US Pacific islands seek immigration funding
Hawaii, Guam and the Northern Marianas are pushing for more federal funding to deal with the uncontrolled influx of immigrants under the Compacts of Free Association with the United States.
The Guam Daily Post reported more than 76,000 immigrants from Palau, the Marshall Islands and the Federated States of Micronesia had made use of their respective compacts to move to the US, with more than 17,000 of them hosted on Guam.
Last year, the government of Guam estimated compact impact funding for 2016 to be $US142.6 million but it received only $US16.2 million from the US Department of the Interior which administers federal compact aid.
On Thursday, Guam's delegate to the US Congress Madeleine Bordallo and her counterparts from Hawaii and the Northern Marianas announced a bill to reintroduce legislation that gives them additional federal funding as well as greater access to federal support services and programmes for immigrants.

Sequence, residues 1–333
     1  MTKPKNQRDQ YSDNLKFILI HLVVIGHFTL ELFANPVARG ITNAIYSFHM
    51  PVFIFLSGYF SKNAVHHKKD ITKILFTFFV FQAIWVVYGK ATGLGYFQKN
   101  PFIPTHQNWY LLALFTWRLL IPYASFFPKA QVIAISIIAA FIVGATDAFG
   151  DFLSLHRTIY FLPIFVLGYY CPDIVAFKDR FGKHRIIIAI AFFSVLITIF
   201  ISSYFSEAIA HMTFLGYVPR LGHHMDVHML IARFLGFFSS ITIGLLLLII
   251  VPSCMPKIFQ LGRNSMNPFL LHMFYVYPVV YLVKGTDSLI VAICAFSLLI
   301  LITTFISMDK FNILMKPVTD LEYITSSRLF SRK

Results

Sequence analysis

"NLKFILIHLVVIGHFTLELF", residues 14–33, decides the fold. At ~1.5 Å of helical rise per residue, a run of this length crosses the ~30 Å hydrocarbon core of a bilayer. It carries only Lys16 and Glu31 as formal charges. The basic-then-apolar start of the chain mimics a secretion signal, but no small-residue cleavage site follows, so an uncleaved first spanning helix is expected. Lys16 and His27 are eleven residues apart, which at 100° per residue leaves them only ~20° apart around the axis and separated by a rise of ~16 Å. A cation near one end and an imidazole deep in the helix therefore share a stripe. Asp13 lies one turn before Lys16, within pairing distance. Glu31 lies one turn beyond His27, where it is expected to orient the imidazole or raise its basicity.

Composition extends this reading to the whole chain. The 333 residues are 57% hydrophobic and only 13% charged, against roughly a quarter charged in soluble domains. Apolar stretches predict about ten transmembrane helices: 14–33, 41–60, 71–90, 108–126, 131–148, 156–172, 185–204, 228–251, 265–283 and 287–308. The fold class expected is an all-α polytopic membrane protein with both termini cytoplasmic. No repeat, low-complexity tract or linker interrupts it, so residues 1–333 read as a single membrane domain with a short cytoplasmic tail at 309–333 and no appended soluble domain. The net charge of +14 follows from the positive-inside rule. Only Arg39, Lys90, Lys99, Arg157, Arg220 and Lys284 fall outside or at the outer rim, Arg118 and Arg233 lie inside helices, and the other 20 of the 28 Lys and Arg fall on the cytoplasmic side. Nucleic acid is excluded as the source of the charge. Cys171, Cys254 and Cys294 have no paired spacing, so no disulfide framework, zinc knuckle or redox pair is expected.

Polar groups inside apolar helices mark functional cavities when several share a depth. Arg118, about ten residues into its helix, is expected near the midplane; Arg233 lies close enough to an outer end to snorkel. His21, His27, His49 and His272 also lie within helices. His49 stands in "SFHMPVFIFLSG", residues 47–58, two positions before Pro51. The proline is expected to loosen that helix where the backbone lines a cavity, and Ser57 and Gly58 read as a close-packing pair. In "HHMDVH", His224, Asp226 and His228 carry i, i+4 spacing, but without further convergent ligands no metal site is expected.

"Our bill would provide relief to Guam and other states and territories required by the federal government to provide local public services to more than 76,000 migrants under the compacts of free association," said Ms Bordallo.
The Compact Impact Relief Act would also require a comprehensive assessment of the Compacts of Free Association and their implementation before they expire in 2023, including the inadequate compact impact aid to Guam and other affected jurisdictions.